HC Deb 16 May 1957 vol 570 cc703-18

10.10 p.m.

Mr. Ernest Davies (Enfield, East)

I beg to move.

That an humble Address be presented to Her Majesty, praying that the Removal of Vehicles (England and Wales) Regulations. 1957 (SI 1957, No. 675), dated 15th April, 1957, a copy of which was laid before this House on 16th April, be annulled.

Mr. Speaker

It might be convenient if this Prayer and the following one, in the name of the right hon. Gentleman the Member for East Stirlingshire (Mr. Woodburn), were taken together. They seem to me to be in identical terms.

Mr. Davies

Yes, Mr. Speaker. If we take the Prayer relating to Scotland with this one it will be quite agreeable to us.

I have moved this Motion not because we oppose the proposals in the Regulations, but because we feel that it will be helpful to the House and to the motoring public if some clarification as to the manner in which they are to be applied is given by the Minister tonight.

As far as I understand, before these Regulations were laid under the 1956 Act the only power in the hands of the police to remove vehicles was when they were constituting a danger on the highway; when they had been abandoned, or when they had broken down. These Regulations extend the power of the police to remove vehicles if they are causing an obstruction. Because very wide powers are being given to the police it seems to us that there are some unknown quantities which it would be helpful to have explained to the House.

It would be useful if we knew the extent to which it is intended that these powers should be used, under what conditions and in what circumstances they will be used, and what will be the position of the driver if the police exercise their powers. It is clearly important to the motoring public and to all drivers that the attittude of the police towards the driver should continue on the basis of co-operation and not persecution.

That means that it would be advisable for these Regulations to be used by the police with considerable caution and in a sense of reasonableness—but by reasonableness I mean firm reasonableness, and certainly they have started off in this way. I understand that up to Tuesday of this week only about 60 vehicles had been removed under these Regulations. The police are certainly acting cautiously—it may be that they are acting a little too cautiously—but that is erring on the right side in the initial stages.

As the opportunity arises, the public should be told how serious an obstruction must be before these powers will be used. We could all think of circumstances in which vehicles would obviously be causing an obstruction to other traffic, and when their removal would facilitate the flow of traffic very substantially. I am not referring to the ordinarily parked vehicle—although all parked vehicles on the highway are to some extent an obstruction to the free flow of traffic—but to cases of double-banking, as still exists today. In such cases, I think that these powers should be employed.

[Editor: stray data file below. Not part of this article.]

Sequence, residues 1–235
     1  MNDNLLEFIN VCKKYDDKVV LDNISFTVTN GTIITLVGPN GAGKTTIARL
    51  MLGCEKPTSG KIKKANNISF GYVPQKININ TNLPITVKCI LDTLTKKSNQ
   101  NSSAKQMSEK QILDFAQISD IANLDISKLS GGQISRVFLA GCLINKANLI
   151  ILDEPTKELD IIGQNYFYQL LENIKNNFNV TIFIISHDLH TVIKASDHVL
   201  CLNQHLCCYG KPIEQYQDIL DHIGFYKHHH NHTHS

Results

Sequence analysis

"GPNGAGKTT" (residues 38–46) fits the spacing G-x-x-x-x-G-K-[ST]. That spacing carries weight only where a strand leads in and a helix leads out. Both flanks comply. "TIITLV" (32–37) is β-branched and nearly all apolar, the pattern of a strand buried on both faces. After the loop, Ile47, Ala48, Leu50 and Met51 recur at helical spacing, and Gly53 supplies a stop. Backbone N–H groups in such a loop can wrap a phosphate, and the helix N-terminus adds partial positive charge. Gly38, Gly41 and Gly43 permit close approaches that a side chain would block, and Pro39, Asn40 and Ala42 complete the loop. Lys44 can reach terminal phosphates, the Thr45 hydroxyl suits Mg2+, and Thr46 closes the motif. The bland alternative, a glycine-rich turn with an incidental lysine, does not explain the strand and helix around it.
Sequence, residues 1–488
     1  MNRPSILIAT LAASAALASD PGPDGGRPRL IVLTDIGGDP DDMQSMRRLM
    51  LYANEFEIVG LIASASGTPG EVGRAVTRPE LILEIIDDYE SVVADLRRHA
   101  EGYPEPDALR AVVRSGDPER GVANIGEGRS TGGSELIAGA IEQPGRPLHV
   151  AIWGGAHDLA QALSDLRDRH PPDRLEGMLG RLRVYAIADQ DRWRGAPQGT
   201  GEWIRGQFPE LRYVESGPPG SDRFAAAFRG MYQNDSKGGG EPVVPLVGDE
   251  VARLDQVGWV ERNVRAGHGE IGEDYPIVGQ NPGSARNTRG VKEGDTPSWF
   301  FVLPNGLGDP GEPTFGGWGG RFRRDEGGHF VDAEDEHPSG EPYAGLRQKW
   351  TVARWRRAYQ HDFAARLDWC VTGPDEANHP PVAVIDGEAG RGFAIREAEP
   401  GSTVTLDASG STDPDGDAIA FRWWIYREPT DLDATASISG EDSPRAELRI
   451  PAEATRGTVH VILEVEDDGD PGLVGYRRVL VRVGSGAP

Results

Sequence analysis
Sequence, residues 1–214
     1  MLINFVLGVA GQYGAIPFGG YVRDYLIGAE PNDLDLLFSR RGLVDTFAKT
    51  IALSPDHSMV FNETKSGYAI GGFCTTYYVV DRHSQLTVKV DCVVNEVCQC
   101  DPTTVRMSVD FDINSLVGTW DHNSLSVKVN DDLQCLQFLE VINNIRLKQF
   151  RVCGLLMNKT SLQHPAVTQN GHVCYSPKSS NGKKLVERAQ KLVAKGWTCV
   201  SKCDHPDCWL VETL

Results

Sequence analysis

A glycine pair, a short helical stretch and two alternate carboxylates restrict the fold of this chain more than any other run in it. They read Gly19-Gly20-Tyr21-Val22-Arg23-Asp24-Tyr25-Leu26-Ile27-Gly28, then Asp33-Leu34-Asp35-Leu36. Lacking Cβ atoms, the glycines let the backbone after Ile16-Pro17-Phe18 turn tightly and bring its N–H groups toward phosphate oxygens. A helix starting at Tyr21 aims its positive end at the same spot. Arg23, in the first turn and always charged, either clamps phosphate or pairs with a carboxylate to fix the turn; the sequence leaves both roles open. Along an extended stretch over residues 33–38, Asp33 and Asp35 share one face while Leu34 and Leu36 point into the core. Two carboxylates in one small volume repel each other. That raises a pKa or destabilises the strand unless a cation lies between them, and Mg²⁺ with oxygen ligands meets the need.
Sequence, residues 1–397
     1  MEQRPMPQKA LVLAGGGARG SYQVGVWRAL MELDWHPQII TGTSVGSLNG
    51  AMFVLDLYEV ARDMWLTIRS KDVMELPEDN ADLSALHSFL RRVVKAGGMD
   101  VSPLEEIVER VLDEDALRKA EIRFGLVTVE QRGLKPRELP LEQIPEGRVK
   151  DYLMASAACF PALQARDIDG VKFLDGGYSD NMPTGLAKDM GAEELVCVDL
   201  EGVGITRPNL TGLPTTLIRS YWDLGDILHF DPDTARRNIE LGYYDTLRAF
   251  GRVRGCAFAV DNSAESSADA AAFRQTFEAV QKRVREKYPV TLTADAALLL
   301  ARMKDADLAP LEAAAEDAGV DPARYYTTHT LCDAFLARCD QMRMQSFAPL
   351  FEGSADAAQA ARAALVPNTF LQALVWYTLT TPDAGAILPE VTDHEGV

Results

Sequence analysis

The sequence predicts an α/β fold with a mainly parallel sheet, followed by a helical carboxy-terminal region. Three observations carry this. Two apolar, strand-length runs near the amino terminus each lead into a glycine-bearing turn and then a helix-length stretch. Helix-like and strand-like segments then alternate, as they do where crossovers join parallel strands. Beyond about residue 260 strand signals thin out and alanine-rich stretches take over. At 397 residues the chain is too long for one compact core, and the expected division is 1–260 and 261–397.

I believe that all double parking anywhere in London should be prohibited. Today, I came through Soho Square and Berkeley Square and I found, particularly on the corners, that congestion was so great that traffic had to move in single line. In my opinion, the time has come when it should be made clear that any form of double parking, because of the inconvenience it causes, should come to an end. There are a great number of other examples which one could give, such as parking near corners, obstructing vision at intersections, impeding pedestrian crossings, and the like, where the enforcement of the law against obstruction should be much more rigorously applied.

I wish to know to what extent the police propose to take steps to trace a driver when they consider it desirable that a vehicle should be moved and the driver cannot be found. I hope that there will always be a reasonable effort made by the police to find the driver, so that he may be given an opportunity to remove the vehicle. But "reasonable" needs a reasonable interpretation. One does not expect policemen to wait around as, unfortunately, they still do, though under the law it is no longer necessary for them to do so, until a driver returns to his car; because they can summon the owner of the car without waiting until he returns. But, as I say, reasonable steps should be taken.

After all, a driver may be put into a quandary, if he returns and finds that his car has disappeared. He will not know whether it has been removed legitimately by the police, or stolen, or just borrowed for an illegal purpose. I should like to hear from the Parliamentary Secretary whether the police intend to remove vehicles immediately to a distant pound, as it were or, if there is a convenient place nearby, that the cars will be left there. If there is a street nearby where there are parking facilities, obviously it would be preferable, both from the point of view of the police and the motorist, to put the vehicle there rather than to take it to a pound where the driver would have to seek it out. That would also avoid the cost of towing it away.